Keir Bloomer replied: "We have put accountability before creativity, which has not engaged the profession's enthusiasm to make changes."
He proposed the creation of a "community of innovation" in Scottish education where there would be joint production of good practice. Any direction coming solely from the top would always be regarded with suspicion.
Mike Baughan, in his final public appearance as Learning and Teaching Scotland chief executive, said he was more confident than ever that a more flexible curriculum, backed by ministerial guidance and inspection, could become a reality. Local authorities and schools were already embarking on the process.
While he expressed optimism, Mr Baughan cautioned that "moving from a culture of compliance, which was driven by the inspection system of the time, to one of flexibility, which is seen as liberating, is not going to happen overnight."
He also drew the attention of MSPs to the conditions HMI will attach to a more flexible approach. Has there been consultation? Will innovations mean a better deal for pupils? Has the school an implementation plan? How will the changes be evaluated?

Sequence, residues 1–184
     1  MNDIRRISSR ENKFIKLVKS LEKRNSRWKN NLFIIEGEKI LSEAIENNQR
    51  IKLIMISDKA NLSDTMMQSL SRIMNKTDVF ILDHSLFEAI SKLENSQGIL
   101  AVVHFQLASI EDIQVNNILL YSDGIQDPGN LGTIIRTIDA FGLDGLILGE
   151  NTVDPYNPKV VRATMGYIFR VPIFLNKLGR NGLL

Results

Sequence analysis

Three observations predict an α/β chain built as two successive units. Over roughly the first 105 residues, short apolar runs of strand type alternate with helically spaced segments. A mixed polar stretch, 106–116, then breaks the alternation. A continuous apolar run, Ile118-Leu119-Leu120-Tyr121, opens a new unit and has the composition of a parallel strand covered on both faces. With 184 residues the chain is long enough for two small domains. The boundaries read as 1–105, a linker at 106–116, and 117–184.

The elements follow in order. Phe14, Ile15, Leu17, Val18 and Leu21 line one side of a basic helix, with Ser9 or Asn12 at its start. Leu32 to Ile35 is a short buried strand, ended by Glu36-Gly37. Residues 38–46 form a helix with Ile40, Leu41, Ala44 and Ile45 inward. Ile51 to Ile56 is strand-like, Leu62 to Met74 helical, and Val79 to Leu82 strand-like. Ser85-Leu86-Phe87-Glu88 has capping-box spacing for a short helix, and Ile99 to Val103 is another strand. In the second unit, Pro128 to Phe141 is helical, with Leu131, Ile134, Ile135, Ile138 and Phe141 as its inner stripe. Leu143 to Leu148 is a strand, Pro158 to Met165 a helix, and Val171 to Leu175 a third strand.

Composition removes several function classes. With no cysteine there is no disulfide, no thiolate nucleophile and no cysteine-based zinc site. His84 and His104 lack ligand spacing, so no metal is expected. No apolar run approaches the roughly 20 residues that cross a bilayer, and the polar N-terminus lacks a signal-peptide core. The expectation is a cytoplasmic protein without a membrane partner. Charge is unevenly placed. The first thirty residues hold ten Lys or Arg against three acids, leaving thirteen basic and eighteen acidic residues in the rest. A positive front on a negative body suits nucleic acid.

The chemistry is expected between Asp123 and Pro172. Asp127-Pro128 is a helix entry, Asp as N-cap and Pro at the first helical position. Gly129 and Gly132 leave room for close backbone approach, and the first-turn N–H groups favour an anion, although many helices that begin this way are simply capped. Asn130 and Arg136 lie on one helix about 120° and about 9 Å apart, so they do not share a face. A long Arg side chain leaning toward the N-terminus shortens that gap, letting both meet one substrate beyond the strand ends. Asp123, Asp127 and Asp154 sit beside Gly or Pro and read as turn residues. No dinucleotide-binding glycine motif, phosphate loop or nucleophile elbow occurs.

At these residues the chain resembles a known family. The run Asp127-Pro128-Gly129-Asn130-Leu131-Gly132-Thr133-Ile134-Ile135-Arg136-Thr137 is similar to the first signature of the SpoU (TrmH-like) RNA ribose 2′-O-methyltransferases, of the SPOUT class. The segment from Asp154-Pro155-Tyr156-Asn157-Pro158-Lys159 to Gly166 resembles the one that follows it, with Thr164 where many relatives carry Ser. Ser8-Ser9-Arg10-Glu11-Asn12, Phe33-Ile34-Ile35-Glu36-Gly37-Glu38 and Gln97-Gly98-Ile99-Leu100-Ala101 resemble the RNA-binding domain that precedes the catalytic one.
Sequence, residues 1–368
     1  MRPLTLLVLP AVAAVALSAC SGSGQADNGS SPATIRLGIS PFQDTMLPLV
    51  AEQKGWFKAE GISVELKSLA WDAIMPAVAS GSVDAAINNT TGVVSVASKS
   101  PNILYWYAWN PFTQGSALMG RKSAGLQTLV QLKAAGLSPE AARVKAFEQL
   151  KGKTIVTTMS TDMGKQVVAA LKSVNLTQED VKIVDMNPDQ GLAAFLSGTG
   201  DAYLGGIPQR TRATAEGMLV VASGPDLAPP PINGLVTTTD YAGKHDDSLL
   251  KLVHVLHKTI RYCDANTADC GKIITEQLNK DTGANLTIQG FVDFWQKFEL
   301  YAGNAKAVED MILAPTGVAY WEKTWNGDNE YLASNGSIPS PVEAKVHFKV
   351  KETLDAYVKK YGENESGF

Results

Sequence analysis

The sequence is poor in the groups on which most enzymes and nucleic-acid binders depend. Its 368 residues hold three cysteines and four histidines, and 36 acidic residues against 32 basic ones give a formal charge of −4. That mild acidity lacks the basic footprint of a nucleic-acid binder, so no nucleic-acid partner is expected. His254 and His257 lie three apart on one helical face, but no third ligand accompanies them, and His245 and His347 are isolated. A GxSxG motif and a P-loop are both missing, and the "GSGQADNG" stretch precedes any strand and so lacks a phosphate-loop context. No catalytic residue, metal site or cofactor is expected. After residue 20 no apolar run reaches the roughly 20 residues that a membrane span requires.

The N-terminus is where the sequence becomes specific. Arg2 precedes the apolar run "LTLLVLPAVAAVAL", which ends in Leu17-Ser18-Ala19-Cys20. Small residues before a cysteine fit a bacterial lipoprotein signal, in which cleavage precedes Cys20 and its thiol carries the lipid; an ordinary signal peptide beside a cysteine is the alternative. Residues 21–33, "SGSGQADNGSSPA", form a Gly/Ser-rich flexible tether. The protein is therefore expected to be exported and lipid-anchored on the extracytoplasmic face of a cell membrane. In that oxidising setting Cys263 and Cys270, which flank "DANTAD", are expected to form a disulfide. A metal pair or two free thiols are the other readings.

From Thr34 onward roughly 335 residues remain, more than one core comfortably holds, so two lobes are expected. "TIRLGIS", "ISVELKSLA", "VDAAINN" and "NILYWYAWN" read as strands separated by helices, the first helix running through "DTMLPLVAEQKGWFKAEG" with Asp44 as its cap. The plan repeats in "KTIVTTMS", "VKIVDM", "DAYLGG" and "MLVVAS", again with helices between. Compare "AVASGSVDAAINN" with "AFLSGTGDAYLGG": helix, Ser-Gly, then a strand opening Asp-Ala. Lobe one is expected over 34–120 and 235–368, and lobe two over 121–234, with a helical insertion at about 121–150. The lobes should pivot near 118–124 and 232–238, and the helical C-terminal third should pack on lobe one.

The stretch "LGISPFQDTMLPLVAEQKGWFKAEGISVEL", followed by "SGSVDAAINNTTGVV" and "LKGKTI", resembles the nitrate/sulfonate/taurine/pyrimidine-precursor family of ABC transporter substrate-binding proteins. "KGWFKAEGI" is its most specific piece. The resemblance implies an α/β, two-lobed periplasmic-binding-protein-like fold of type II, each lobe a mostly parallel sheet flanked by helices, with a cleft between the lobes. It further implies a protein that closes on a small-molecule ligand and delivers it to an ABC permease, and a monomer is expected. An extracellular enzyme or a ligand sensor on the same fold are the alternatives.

"So I believe we have got the balance right," Mr Baughan said. "Licence but not irresponsibility."
Mr Baughan and Mr Bloomer both warned against the "assessment obsession" in which the relaxation of age and stage restrictions on when exams could be taken was seen as the only flexibility that mattered. "Once everyone has sat their Highers in primary 4, what is there left to do?" Mr Bloomer quipped.
Mr Baughan criticised the move by East Renfrewshire to introduce primary 7 pupils to Intermediate level certification.
If that was all that happened, Mr Bloomer observed, it would be a "fairly sterile" use of the circular on flexibility, issued in 2001. He wanted schools to experiment with more personalised approaches to learning, and even review their own role which he anticipated would become one of acting as "a broker of learning provided by itself but by others as well".